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    I also have a freedom, but I load the the thing as full as I can get it! I see temps around 800 and sometimes into the low 900's in the middle of the top. It is very controllable, in fact it will never reach those temps until I pull the air back and let the secondary burn take over.
  18. WellSeasoned

    WellSeasoned Guest

    The F400 is a smaller of the medium sized boxes. As others have said, rake coals forward and place a medium round in the rear, kindlin on the coals and pack tight if the cold temps outside require this. Again as said in an earlier thread, don't pack with skids peices tight:confused:
    The castine is a heat pumping stove. 7oo deg F can happen when this thing is really cruising, even with the air waaayyy down. You can expect loading before bed and by morning having a coal bed to work with, and stove top temps still in the mid 200's. As far as loading N/S, 9" is the longest you'll fit. I like this for a hotter faster start up.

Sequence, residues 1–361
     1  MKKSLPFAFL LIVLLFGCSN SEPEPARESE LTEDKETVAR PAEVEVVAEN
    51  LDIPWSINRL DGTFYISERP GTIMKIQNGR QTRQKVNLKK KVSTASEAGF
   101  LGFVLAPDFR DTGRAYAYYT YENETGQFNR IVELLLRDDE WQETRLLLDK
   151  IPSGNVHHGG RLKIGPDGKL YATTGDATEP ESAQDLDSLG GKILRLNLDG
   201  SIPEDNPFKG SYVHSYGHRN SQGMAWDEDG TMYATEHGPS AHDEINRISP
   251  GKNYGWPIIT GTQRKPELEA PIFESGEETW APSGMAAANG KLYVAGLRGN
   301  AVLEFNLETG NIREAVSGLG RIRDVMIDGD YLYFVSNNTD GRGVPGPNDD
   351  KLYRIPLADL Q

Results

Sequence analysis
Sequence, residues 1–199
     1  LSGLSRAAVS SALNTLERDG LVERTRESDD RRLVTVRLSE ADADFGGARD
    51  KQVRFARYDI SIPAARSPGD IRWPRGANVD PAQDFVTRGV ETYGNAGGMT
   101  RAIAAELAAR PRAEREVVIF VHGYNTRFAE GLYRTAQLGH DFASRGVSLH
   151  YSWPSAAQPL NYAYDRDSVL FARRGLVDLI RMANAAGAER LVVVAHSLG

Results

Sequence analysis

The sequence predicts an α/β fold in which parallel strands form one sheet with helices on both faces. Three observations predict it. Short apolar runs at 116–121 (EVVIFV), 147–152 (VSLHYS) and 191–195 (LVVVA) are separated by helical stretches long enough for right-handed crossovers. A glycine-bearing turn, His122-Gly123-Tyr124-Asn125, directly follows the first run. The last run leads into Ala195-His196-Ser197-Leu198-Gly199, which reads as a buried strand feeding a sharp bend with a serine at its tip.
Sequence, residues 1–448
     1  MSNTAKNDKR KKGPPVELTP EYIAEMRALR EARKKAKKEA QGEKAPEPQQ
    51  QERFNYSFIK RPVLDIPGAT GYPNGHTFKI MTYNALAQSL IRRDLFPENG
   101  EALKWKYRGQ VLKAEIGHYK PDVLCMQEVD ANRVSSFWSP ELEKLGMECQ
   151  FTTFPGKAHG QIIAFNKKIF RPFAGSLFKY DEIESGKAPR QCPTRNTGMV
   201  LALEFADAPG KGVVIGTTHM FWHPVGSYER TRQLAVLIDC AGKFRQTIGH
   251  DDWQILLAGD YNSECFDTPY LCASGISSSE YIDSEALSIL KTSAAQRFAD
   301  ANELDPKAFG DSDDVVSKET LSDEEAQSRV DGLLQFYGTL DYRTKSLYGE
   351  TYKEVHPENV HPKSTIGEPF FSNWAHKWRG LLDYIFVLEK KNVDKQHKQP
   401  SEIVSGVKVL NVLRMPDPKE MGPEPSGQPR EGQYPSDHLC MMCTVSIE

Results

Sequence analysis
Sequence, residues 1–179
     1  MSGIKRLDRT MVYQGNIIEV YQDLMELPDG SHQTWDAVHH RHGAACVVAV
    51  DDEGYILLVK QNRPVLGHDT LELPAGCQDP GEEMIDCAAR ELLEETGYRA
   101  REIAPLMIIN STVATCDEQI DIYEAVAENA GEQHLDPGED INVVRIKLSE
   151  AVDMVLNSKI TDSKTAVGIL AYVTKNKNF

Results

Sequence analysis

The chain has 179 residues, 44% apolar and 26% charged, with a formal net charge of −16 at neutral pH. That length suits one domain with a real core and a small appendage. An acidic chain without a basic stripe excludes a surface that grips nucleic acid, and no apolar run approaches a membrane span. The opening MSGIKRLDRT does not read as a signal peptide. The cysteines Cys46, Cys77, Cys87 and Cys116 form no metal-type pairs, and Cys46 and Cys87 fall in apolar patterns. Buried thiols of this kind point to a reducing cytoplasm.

19. corey21

    corey21 Minister of Fire

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    This is a great thread thank you all.
  20. begreen

    begreen Mooderator Staff Member

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    For the longest burns in the F400 I would pack it tightly with the larger splits and longest burning wood in the back of the stove. Use smaller splits to fill in the gaps.
    Pallet Pete likes this.
  21. ansehnlich1

    ansehnlich1 Minister of Fire

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    If your splits are 3 inches shorter than your firebox allows, and you use 5 or 6 splits in a load, technically you are shorting a full load by 15 to 18 inches of split :)